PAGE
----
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Ethereum 2.0 Meets December 1 Launch Deadline. Here’s What Will Happen Next

Ethereum 2.0 has met the target of 524,288 ETH in deposits needed to launch on December 1, with the total amount staked jumping by 84% in just under 24 hours between November 23 and 24.

Data compiled by Dune Analytics indicates that the total ethereum staked in ETH 2.0’s contract deposit address has now passed 700,000 ETH, while the price of ethereum hit a two-year high of roughly $618 in response to the news.

However, while the Ethereum community is understandably overjoyed that the threshold has been met at the eleventh hour, there’s still much work left to be done before the Ethereum 2.0 “beacon chain” merges with the current Ethereum mainnet. Likewise, the relatively small number of unique Ethereum 2.0 validators indicates that the new platform may remain relatively centralized for some time to come, inviting risks that cryptocurrencies were designed to overcome.

Ethereum 2.0 is set to launch on Dec. 1, 2020

Ethereum 2.0 Meets December 1 Launch Deadline. Here’s What Will Happen Next

We had previously reported that Ethereum 2.0 had been struggling to meet its target of 524,288 ETH in deposits, which it needed to hit by November 24. Back on November 17, the total was just under 100,000 ETH, and it remained under 300,000 ETH up until November 23.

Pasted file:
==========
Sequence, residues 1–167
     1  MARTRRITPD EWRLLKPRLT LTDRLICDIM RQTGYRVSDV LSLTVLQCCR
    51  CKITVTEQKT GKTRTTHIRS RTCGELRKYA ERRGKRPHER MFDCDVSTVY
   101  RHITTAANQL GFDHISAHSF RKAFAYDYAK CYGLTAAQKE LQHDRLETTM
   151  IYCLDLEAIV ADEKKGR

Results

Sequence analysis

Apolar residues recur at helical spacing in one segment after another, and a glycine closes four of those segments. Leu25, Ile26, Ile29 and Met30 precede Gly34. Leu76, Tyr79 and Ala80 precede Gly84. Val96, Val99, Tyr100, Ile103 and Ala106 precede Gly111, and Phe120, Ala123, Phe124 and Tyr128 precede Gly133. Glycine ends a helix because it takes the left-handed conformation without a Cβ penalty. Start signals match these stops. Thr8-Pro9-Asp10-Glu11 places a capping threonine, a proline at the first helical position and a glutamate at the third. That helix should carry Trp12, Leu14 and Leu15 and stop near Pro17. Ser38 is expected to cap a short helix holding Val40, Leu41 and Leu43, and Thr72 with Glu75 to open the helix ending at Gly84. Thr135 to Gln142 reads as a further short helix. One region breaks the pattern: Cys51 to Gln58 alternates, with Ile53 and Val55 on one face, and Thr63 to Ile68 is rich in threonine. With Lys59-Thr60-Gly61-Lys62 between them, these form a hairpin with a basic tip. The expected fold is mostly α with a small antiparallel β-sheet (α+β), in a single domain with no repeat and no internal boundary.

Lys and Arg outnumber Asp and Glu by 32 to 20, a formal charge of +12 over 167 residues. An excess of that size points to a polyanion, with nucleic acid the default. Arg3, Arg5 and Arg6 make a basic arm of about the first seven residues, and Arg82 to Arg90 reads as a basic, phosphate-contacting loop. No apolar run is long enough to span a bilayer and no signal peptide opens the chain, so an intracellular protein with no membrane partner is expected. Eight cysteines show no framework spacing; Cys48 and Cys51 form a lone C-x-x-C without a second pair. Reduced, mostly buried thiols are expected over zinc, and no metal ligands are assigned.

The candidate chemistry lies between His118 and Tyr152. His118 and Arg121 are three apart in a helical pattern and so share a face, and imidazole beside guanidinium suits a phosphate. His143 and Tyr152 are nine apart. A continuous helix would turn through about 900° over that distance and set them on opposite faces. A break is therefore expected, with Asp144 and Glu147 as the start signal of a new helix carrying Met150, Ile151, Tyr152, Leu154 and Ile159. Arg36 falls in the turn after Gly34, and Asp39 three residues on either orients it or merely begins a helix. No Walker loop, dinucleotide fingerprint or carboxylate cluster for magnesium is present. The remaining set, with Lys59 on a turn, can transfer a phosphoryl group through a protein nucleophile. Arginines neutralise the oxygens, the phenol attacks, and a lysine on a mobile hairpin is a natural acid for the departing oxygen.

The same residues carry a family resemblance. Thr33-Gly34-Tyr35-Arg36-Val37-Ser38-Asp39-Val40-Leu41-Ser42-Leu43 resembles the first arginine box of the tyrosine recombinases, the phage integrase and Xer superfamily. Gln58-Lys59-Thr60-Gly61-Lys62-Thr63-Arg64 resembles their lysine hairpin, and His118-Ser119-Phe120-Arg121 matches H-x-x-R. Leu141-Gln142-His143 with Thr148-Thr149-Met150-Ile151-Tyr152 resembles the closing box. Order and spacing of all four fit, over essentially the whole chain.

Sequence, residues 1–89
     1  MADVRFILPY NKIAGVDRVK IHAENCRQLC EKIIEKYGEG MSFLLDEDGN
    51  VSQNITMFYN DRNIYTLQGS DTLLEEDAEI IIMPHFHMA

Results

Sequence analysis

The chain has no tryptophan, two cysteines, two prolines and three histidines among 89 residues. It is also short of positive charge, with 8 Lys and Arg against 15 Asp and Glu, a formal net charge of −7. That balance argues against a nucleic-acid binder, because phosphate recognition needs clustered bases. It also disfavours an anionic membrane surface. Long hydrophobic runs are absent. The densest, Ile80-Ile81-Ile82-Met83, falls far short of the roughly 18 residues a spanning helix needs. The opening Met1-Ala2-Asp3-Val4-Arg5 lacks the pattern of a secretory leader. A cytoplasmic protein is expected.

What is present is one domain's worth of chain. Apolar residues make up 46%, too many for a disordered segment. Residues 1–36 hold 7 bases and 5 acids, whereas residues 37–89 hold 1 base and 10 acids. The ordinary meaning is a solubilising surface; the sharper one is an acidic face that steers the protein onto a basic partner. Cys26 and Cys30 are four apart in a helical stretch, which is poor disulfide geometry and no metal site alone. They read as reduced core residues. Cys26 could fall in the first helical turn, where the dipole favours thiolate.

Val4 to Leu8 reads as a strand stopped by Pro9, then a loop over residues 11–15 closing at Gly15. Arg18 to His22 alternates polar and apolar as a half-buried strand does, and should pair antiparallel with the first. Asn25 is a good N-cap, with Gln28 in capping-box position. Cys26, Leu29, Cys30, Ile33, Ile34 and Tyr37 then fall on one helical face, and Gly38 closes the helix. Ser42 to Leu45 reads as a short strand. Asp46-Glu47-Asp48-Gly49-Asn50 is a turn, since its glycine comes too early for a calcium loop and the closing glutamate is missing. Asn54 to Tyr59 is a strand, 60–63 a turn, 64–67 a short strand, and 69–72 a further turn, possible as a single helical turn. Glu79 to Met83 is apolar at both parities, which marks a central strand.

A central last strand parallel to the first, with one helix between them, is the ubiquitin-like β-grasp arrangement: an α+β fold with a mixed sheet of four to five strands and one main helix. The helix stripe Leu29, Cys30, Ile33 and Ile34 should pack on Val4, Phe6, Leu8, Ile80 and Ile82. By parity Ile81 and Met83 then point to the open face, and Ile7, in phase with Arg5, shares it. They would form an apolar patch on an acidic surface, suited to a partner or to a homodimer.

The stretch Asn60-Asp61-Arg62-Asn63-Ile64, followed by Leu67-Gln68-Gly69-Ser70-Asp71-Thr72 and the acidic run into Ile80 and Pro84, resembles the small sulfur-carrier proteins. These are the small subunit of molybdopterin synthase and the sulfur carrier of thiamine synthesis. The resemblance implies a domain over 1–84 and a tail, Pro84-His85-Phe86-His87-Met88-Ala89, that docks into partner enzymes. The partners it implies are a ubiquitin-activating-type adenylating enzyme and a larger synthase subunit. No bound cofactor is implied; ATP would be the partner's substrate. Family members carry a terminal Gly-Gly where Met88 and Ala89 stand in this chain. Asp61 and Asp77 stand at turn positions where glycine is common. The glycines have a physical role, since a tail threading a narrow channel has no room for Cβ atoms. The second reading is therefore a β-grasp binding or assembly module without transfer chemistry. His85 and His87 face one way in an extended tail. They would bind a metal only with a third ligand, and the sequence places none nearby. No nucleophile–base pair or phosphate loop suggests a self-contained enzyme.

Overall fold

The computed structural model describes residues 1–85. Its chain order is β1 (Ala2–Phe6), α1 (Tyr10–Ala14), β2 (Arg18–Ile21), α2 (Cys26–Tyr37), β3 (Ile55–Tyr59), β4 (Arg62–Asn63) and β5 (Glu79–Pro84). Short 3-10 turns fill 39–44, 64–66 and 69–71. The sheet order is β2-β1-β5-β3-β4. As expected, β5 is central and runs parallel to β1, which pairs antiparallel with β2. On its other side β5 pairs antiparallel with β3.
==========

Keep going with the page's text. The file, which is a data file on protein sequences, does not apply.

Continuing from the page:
Then something ‘magical’ happened, as they say. With the total staked at 291,232 ETH at 0300 (UTC) on November 23, the amount jumped to 536,096 ETH by 0200 on November 24. In fact, there was a 26% jump to this amount in only four hours, suggesting that some big players within the Ethereum ecosystem resolved to fill the shortfall in lieu of wider participation.

Source: Dune Analytics

Needless to say, prominent members of the Ethereum community welcomed this news with a fair amount of excitement.

Source: Twitter

Ethereum’s price also responded by rising energetically. It peaked at about $618 at 0510 on November 24, having risen from a price of $560 at 0300 on November 23.

Source: CoinGecko

In other words, it’s possible that part of the reason for ethereum’s rally on November 22 and 23 was that potential validators were buying up ETH in order to stake it with Ethereum 2.0’s beacon chain. (It’s also possible that PayPal has been buying up various cryptocurrencies — including ethereum — in order to fill its reserves as it prepares to offer crypto services.)

Either way, it’s clear that most of the ethereum staked with ETH2’s contract came from bigger actors within the Ethereum ecosystem. There have been, as of writing, only 2,025 unique depositors, despite the contract needing deposits from 16,384 addresses to launch. Similarly, the 20 biggest depositors account for 33.5% of the 708,224 ETH currently transferred to the contract.

Centralization or Decentralization?

This leads to one of the biggest concerns surrounding Ethereum 2.0: the potential centralization of staking. If a relatively small number of large validators dominate the Ethereum 2.0 staking process, then this may introduce a variety of risks, including the (remote) possibility of a 51% attack. Less alarmingly, it may include the risk of larger validators gathering most of the staking rewards for themselves, something which could increase the inequality of ethereum distribution.